Once the truth comes out, many people feel a great sense of relief. For this reason Brad directed us to I John 1:7-10 which talks about confessing our sins and walking in the light. We were all urged to go before God to unburden ourselves in this way. But it can also be very healing to find someone we can trust to share our struggles with and confess our sins. As verse nine in this passage states, "If we confess our sins, he is faithful and just and will forgive us our sins and purify us from all unrighteousness."

Returning to the story, we find that after Jesus revealed to the woman who He was, she left her water jar to head back into town to tell people about Jesus. Brad asked what our water jar was? What is it that we're doing that we need to leave behind? Is it the intoxication of thrilling work? Pleasure? Addictions of one kind or another?

Brad invited Duayne Anderson and Gwen Cressman to take seats in front of the congregation to be interviewed regarding their various paths from childhood to following Christ. Gwen shared how she was raised by parents who were missionaries in Cameroon. She remembers life in the bush and seeing her father preach the Gospel. Duayne shared that his parents were not church-goers, but his mom and dad modeled Christian values. They sent him to Sunday school. Even though his parents didn't attend themselves, he knew they were believers. He later went to youth group at Westminster Presbyterian.

Brad asked, "Was there a time in your life when you made a decision to follow Jesus?"

Gwen described her difficult year at a boarding school while in third grade. Yet it was during this time she came to understand that, "Jesus will never leave me or forsake me."

Duayne explained how the seeds that were planted while younger resulted in his being baptized later with his wife Cindy. Duayne mentioned something about failures, but "Christ has always been there for me."

Brad then asked, "Is there an area of surrender that is a struggle?"

Gwen shared how there have been seasons in her life. She said the Lord has revealed many things at various times. She's been learning not only how to speak up but when not to speak. Duayne commented on his failing each day in some ways and that surrender has to be daily. He said the hardest thing is learning to let go... forgiveness.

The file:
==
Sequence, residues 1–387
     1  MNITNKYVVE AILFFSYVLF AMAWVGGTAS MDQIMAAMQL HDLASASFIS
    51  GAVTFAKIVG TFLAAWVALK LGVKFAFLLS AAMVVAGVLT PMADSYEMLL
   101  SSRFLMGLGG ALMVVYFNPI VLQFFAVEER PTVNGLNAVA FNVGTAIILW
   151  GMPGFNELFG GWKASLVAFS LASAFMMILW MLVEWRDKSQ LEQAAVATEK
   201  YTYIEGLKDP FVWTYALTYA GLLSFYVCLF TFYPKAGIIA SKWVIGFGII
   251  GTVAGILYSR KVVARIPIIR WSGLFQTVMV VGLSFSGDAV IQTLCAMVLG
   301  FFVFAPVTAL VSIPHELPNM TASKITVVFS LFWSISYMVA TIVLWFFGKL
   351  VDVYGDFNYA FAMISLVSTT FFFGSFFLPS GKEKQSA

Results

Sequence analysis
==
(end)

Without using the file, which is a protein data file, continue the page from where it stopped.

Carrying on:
Brad noted some of the common themes in their stories. Then said, "What the world has to offer will not quench our thirst. Surrender is a lifelong journey. The woman at the well had to surrender if she was to receive living water.

The new path is not a quick drink. The Greek word used in this phrase is "a perpetual fountain... once for all and forever."

A quote from Malcolm Muggeridge provided a fitting summing up:
"I may, I suppose, regard myself, or pass for being, a relatively successful man. People occasionally stare at me in the streets—that's fame. I can fairly easily earn enough to qualify for admission to the higher slopes of the Inland Revenue—that's success. Furnished with money and a little fame even the elderly, if they care to, may partake of trendy diversions—that's pleasure. It might happen once in a while that something I said or wrote was sufficiently heeded for me to persuade myself that it represented a serious impact on our time—that's fulfillment. Yet I say to you, and I beg you to believe me, multiply these tiny triumphs by a million, add them all together, and they are nothing—less than nothing, a positive impediment—measured against one draught of that living water Christ offers to the spiritually thirsty, irrespective of who or what they are. What, I ask myself, does life hold, what is there in the works of time, in the past, now and to come, which could possibly be put in the balance against the refreshment of drinking that water?"